For a bold taste!
Cucumber has been cultivated for more than 6,000 years. Homeland of this species is the tropical and subtropical areas of India and the foothills of the Himalayas, where it still grows in the wild. Low in nutritional quality, it is more valued for its taste. Cucumbers accumulate 96 percent water or more.
- Cucumbers contain such beneficial minerals as potassium, calcium, iron, phosphorus, iodine and the essential vitamins: carotene, B2, B1, PP, pantothenic acid, B6 and C. Therefore, according to their curative properties, cucumbers are on a par with carrots, tomatoes, onions, and even citrus fruits;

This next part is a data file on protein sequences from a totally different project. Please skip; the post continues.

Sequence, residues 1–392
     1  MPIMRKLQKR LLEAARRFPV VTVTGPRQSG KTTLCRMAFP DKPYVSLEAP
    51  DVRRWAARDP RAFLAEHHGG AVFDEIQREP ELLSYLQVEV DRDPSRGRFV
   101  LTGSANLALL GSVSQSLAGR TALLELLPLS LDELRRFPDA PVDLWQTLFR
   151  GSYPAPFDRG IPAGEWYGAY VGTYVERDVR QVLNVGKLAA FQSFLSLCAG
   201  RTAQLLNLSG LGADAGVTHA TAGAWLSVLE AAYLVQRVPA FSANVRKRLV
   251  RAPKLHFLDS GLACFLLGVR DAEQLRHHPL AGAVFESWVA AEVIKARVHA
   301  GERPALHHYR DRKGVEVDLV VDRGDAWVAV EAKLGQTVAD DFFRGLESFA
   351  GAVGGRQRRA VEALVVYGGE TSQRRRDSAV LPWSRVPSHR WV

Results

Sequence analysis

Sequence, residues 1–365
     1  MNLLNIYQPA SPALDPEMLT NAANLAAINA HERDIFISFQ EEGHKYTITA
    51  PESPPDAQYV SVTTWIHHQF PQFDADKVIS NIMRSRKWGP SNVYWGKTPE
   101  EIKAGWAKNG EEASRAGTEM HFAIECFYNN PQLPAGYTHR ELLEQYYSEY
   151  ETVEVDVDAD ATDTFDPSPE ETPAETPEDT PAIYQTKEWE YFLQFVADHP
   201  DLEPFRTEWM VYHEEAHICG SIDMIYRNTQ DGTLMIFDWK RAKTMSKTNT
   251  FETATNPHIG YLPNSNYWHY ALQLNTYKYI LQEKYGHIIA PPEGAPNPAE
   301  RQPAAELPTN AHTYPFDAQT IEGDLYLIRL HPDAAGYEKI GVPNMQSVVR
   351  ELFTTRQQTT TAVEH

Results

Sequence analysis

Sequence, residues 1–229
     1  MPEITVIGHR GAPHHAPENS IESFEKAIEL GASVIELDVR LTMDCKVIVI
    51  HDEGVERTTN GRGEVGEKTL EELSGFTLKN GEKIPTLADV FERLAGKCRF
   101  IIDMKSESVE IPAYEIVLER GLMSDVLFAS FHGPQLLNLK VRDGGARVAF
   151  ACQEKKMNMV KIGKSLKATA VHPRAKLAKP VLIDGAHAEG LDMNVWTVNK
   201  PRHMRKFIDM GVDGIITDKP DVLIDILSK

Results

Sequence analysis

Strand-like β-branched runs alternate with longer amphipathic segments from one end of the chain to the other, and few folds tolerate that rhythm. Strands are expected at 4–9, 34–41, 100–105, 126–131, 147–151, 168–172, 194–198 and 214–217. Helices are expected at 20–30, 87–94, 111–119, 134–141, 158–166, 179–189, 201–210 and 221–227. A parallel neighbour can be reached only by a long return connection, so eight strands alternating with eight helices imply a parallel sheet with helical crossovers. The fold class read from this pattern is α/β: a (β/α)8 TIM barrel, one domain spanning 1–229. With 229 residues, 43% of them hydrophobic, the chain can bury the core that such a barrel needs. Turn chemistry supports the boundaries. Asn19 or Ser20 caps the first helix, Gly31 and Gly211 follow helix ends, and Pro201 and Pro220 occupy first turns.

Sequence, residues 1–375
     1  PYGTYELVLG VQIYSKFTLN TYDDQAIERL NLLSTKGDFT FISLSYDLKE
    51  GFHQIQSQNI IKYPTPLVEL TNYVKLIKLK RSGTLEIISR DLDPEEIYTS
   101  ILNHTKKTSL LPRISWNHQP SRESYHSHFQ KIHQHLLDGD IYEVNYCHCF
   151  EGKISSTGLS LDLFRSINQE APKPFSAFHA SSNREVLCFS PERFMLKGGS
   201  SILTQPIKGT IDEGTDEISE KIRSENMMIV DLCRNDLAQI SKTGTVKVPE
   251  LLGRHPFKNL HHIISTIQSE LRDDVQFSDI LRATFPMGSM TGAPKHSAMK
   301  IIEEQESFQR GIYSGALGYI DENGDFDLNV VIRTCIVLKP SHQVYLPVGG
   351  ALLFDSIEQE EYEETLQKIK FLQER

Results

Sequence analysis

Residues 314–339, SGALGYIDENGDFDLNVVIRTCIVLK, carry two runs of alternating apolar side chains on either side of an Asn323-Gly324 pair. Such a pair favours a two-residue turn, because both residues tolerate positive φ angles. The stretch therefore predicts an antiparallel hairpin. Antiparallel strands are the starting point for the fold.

- Cucumbers contain the following essential vitamins, albeit in small quantities: carotene, B2, B1, PP, pantothenic acid, B6, C, and others;
- Good cosmetic properties – cucumbers are widely used in skin-care products;
- Increase appetite, promote good digestion;
- Fresh cucumbers are useful in the treatment of stomach diseases (as a purgative);
- Promote the excretion of water from the human body, improve the function of liver, heart and kidneys;
- Fresh cucumber juice is used in the treatment of cough, catarrhus of the respiratory tract, and pain in the stomach and intestines.
In food, fresh cucumbers are used in raw condition, in the form of juice or as a salad ingredient. Cucumbers are used in the preparation of pickles, marinades, infusions and decoctions. Cucumbers are often applied for cosmetic purposes.
Pickled cucumbers are not recommended for people prone to obesity; they are detrimental in liver, heart and stomach diseases, as well as atherosclerosis.